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Labour Accuse McCully Of Being A Bully

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Fuseworks Media
Fuseworks Media
Murray McCully
Murray McCully

Wellington, April 22 NZPA - Labour has accused Foreign Minister Murray McCully of trying to muzzle Race Relations Commissioner Joris de Bres.

Mr de Bres angered Foreign Minister Murray McCully with his criticism of the Government's non-attendance at the United Nations anti-racism conference.

Mr de Bres did go to the Geneva conference and publicly criticised the Government for pulling out, saying it was trying to keep onside with the United States.

Mr McCully told The New Zealand Herald elected governments should make decisions on foreign policy, not a self-appointed "foreign policy guru".

"The suggestion that we have been over-influenced by any of the other countries who have decided to withdraw is completely wrong.

"We will have a look at that matter. New Zealand is a fairly small country. It would be helpful if we could speak with one voice on the world stage."

Mr de Bres told TV3 he believed the Government had pulled out as an "act of solidarity" with the US.

Labour's associate foreign affairs spokesman Grant Robertson said Mr McCully's comments were a "petty" personal attack and an attempt to bully Mr de Bres into silence.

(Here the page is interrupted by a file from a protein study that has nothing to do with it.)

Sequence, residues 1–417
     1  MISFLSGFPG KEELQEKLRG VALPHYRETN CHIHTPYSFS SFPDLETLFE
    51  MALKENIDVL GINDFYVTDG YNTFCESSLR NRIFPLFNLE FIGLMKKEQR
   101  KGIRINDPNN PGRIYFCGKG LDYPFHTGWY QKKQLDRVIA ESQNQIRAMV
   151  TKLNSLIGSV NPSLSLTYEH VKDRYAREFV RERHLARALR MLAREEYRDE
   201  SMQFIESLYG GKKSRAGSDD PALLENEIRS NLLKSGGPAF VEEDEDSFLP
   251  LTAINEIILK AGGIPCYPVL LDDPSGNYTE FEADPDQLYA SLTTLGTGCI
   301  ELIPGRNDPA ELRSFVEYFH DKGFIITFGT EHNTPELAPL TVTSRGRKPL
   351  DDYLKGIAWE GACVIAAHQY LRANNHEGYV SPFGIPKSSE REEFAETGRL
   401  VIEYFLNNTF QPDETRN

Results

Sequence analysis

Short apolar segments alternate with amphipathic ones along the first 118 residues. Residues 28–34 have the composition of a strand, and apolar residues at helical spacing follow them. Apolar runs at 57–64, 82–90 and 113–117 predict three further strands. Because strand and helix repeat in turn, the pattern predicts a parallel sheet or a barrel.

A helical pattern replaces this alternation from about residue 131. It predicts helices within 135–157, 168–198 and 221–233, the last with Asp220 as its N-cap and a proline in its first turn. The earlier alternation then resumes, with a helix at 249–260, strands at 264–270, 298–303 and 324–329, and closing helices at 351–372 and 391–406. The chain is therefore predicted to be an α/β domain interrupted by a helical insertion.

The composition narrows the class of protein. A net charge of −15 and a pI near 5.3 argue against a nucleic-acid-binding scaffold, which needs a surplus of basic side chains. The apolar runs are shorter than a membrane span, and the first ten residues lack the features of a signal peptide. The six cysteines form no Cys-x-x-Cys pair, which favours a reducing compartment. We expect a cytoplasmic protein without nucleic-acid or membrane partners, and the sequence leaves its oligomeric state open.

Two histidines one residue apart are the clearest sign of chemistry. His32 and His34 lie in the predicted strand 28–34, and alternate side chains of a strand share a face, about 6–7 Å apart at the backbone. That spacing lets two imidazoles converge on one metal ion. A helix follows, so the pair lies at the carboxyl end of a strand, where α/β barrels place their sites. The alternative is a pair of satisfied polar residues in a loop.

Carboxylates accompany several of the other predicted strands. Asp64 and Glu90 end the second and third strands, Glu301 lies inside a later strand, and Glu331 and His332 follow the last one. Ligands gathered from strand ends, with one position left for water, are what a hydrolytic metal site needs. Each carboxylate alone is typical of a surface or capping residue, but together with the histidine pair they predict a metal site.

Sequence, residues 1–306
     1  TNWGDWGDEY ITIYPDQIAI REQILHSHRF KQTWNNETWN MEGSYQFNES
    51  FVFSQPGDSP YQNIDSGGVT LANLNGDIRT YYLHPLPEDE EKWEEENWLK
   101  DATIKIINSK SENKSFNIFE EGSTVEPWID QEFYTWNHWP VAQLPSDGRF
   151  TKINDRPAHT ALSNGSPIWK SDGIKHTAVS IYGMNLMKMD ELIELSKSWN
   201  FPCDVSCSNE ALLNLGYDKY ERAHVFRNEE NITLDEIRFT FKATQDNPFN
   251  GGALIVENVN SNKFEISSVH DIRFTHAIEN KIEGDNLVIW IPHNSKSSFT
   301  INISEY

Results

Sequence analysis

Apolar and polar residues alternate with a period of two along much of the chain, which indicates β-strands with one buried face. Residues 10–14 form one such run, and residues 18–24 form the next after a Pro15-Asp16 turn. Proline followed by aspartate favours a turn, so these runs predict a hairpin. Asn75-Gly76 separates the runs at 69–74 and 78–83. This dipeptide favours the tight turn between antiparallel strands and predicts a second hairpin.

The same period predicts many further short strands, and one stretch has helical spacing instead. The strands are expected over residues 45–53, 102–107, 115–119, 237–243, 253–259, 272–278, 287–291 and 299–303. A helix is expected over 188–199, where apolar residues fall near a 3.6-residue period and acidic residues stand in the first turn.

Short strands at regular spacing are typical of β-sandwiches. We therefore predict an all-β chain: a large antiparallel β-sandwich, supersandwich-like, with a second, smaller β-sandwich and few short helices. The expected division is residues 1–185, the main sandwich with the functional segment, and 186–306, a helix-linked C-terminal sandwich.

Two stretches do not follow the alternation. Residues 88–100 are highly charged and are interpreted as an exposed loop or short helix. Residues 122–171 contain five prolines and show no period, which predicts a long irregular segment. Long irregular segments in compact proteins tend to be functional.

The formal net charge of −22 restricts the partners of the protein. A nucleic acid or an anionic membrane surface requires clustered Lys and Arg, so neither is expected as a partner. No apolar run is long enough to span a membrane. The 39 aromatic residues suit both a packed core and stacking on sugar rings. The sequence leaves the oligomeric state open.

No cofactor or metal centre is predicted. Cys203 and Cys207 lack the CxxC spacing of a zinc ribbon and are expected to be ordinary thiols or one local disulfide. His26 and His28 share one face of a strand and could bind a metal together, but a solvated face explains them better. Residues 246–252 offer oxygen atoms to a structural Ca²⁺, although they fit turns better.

"The position of the Race Relations Commissioner is an independent one and any attempt to curtail the freedom of speech of the Commissioner or the Human Rights Commission is totally inappropriate," Mr Robertson said.

Mr de Bres was appointed to the position by the previous Labour government. His second five-year term ends in 2012.

The Labour Party believed New Zealand should have attended the racism conference to ensure its opposition to racism was expressed at the highest level.

"In multilateral discussions there will be things said that we find unpalatable."

Prime Minister John Key said earlier this week New Zealand would not attend the conference because the declaration would restrict freedom of expression and because the conference was likely to create a platform for attacks on Israel.

Iranian President Mahmoud Ahmadinejad prompted a rare walk-out at the UN on Monday when he called Israel a "cruel and repressive racist regime" at the conference.

But on Tuesday delegates -- including those who had walked out, except for the Czech Republic which stayed away -- approved the anti-racism declaration.

The text "reaffirms" a contentious 2001 document that refers six times to Israel and the Middle East. It was adopted by consensus and without debate at a public session, well before the end of the week-long meeting.

The text covers issues such as xenophobia, immigration, migration, slavery, genocide, discrimination against gypsies and against people suffering from Aids.

"I hope that those who decided to stay away from this conference will join the international community again soon in the fight against these scourges," UN High Commissioner for Human Rights Navi Pillay told a news conference.

NZPA PAR Reuters kc nb

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